What Can We Do About Degree Inflation?

In his recent book The Case Against Education, Professor Bryan Caplan argues that most Americans derive little benefit from their years of schooling in terms of skill and knowledge. What they get instead are educational credentials—the diplomas and degrees attesting that they have officially gotten through some level of education. This quest for credentials that … Continue reading “What Can We Do About Degree Inflation?”


The Curious Case of So-Called ‘Higher Education Deserts’

Students in the United States have unprecedented options for postsecondary education: from brick-and-mortar liberal arts institutions and research-intensive doctoral universities to dual-enrollment high schools and online-only degree programs. Entrepreneurs are innovating continually to improve America’s higher education options. But a new report attempts to throw cold water on the higher education landscape. Entitled, “Disconnected from … Continue reading “The Curious Case of So-Called ‘Higher Education Deserts’”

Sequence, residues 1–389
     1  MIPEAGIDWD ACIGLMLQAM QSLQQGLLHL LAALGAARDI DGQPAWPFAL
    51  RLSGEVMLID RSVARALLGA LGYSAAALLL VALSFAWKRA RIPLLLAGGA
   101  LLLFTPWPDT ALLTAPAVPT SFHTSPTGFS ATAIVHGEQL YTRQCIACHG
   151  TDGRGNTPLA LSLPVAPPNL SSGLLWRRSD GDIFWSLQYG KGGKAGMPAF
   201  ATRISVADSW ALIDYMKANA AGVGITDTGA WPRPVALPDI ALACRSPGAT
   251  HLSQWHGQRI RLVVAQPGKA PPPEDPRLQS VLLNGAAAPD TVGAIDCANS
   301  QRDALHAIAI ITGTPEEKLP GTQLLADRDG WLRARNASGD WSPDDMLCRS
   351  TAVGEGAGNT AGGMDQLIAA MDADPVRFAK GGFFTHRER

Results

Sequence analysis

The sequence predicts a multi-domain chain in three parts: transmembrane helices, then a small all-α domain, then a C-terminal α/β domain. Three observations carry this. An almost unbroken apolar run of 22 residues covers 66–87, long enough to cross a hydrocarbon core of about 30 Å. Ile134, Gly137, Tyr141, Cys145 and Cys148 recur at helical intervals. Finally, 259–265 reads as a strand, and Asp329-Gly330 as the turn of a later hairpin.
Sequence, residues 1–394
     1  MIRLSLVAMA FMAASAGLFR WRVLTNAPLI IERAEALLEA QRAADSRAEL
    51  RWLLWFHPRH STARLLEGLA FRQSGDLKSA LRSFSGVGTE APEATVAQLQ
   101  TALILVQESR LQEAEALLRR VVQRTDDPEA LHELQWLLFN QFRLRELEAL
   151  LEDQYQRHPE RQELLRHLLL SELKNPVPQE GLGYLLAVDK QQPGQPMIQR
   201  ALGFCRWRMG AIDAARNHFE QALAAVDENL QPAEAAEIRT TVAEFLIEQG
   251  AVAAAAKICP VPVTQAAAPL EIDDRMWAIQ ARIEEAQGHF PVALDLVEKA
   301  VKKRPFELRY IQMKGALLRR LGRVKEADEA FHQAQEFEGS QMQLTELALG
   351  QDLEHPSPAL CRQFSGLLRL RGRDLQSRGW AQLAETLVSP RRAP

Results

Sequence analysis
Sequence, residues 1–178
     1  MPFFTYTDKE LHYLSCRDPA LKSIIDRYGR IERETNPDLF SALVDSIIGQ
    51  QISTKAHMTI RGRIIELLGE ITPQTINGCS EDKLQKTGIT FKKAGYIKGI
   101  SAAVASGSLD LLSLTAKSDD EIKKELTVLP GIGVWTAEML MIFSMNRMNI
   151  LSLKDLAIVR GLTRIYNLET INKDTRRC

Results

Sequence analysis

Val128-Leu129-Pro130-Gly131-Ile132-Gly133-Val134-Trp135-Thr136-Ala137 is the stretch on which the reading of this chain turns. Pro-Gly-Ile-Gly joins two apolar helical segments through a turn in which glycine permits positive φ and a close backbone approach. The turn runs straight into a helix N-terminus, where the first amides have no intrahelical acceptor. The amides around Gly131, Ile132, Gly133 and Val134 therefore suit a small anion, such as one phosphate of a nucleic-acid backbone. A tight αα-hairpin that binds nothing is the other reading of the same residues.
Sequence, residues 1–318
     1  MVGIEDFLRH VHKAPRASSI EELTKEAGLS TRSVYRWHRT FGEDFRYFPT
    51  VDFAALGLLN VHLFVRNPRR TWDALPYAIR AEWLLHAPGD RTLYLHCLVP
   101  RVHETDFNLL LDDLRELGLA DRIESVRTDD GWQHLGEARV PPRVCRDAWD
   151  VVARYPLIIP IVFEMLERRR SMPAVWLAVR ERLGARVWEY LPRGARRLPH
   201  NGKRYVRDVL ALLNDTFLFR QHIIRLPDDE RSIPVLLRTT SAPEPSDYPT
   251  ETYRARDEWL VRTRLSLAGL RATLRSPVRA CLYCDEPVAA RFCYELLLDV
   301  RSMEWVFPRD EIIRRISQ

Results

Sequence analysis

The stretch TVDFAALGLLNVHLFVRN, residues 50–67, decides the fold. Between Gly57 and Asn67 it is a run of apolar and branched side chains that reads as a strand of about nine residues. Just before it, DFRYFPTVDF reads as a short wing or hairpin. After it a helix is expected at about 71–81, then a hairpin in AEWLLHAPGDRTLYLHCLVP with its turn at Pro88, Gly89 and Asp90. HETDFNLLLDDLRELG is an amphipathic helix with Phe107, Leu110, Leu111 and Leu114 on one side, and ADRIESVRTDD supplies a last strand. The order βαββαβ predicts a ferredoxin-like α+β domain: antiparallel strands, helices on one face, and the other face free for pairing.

Forcing Students to Apply to College Is a Bad Idea

Legislators in New Mexico are pushing a bill that would make students apply to at least one college while they are still juniors in high school. This legislation reflects the powerful belief that college should be the norm for students after they graduate from high school. That belief, however, is mistaken and this bill, should … Continue reading “Forcing Students to Apply to College Is a Bad Idea”


How Could a Professor Make ‘The Case Against Education’?

In his long-awaited book, George Mason University economist Bryan Caplan argues that “the education system is a waste of time and money.” He is emphatically not against people learning skills and knowledge but argues that our current system of education does a poor job of that, and at inordinate cost. Caplan puts his case starkly: … Continue reading “How Could a Professor Make ‘The Case Against Education’?”